10. "Escape from U.B.". An agitating "ratchety" piece. It's quite short and menacing, and the way it cuts off suddenly at the end makes me think something very bad happens.

11. "Main Theme". This version of the Main Theme is not much different than the piano solo version heard on disc 1. It is a bit richer because of the minor accompaniment by other instruments, but that's about it. A nice piece, but it's been heard before.

12. "Theme of Aya [Reprise]". The difference between this and the first Theme of Aya is almost imperceptible.

13. "Awaken, the Calling Voice is Heard". I apologize if my translation of this track name turns out to be inaccurate. It's a cute little song that sounds like it's being played on a wind-up music box. It even plays slower as it winds down. Surprisingly, it's a very well-composed song, and a great deal more complex than you might think.

14. "Somnia Memorias". Another departure from the usual tone of the soundtrack, this song is a vocal song in Spanish. Although I generally dislike the sort of Latin pop style that it uses, for some reason I like this song. It's very soothing, if nothing else. And it does have a few interesting compositional changes that separates it from your garden-variety pop song.

15. "Consensus". It's back to the old techno/ambient mix style with this track. I like the sound effects sprinkled in, and at this point in the soundtrack, I can also appreciate the "toned down" level of techno. I'm not sure if I could take on more of the same heavy stuff.

16. "Someone calls me...., Someone looks for me......". This is Eve's last gasp. She doesn't join in until about halfway through the song, though. The base of the piece is a beautiful piano sequence with some simple yet elegant harmonic passages. A perfect combination.

17. "Main Theme [Orchestral Version]". Impressive. The Main Theme is a pretty good starting point as it is, and this final version builds upon it with some very fine composition. It's sweet, and it's also a little sad. The piano and orchestra play off each other beautifully, and on the whole, the instrumentation is very nice. But you've got to hear the final two tracks to consider your listening experience complete.

Tracks 18 and 19 are live vocal versions of Influence of Deep and Eva's Aria, respectively. I won't go into detail about them, since they are basically the same as their in-game counterparts. Of course, the quality is much improved. Much MUCH improved -- nothing can quite prepare you for the delight of hearing Eve's voice performed by an actual singer. Certainly these songs are well worth the listen. In my case, it was one of these tracks that opened up my eyes to the greatness of this soundtrack, so I am very grateful for their addition. And when you hear that final resounding note of Eva's Aria, I hope that this soundtrack will change your musical perspective like it has mine.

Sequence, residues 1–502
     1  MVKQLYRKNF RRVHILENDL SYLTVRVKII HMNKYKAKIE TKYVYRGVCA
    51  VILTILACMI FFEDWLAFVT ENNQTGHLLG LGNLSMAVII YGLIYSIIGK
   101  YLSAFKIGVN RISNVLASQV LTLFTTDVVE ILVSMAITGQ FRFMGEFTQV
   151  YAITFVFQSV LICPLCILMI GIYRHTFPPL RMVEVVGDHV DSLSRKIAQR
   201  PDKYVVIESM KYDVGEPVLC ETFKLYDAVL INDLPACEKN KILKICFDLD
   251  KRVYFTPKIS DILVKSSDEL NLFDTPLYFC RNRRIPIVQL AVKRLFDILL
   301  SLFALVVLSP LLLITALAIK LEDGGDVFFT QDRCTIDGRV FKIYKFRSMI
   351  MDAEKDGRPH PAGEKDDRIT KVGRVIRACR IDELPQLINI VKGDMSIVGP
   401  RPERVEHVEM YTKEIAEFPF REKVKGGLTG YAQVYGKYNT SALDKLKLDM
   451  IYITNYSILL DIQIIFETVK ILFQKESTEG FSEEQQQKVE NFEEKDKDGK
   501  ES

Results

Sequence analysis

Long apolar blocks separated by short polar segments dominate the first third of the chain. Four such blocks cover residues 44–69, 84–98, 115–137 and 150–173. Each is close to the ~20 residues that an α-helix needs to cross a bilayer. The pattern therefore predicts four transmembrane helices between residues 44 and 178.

Listening to this OST has had a more profound impact on me than I ever imagined a soundtrack could have. I went into this hating both techno and opera music, not remembering much about the game, and having little inspiration to change any of this. My first listen wiped away my pessimism, and my second (and subsequent) listens won this soundtrack a special place in my heart. But the change didn't stop there. I began merely tolerating the techno and opera stuff in PE, and then, much to my surprise, I began liking it. All of a sudden, two musical genres I had cut myself off from began to look appealing. I look forward to appreciating these styles I had considered "beneath me" for so long. I also re-discovered all the great things I loved about the game as well, and this soundtrack has inspired me to go out and play it again (and hopefully finish it this time).

If your musical tastes are like mine, you may be in for a rough start with Parasite Eve. You may not like it at all if you haven't played the game. If you have played the game, though, I can almost guarantee that you will enjoy this soundtrack. Also, if you are into techno, ambient and/or classical opera music, please give this OST a listen. It's great music to do homework to, or just to sit and brood about, if you like dark ambience.

Needless to say, I am a bit biased because of the way in which the Parasite Eve OST opened up my eyes (or ears, rather). But it may just do the same for you. Now here's the sad part. This soundtrack is quite hard to get ahold of, even though it is neither old nor obscure. It shouldn't be this rare, but it is. Keep your eyes peeled on ebay, and on sites that carry recent-but-rare soundtracks, such as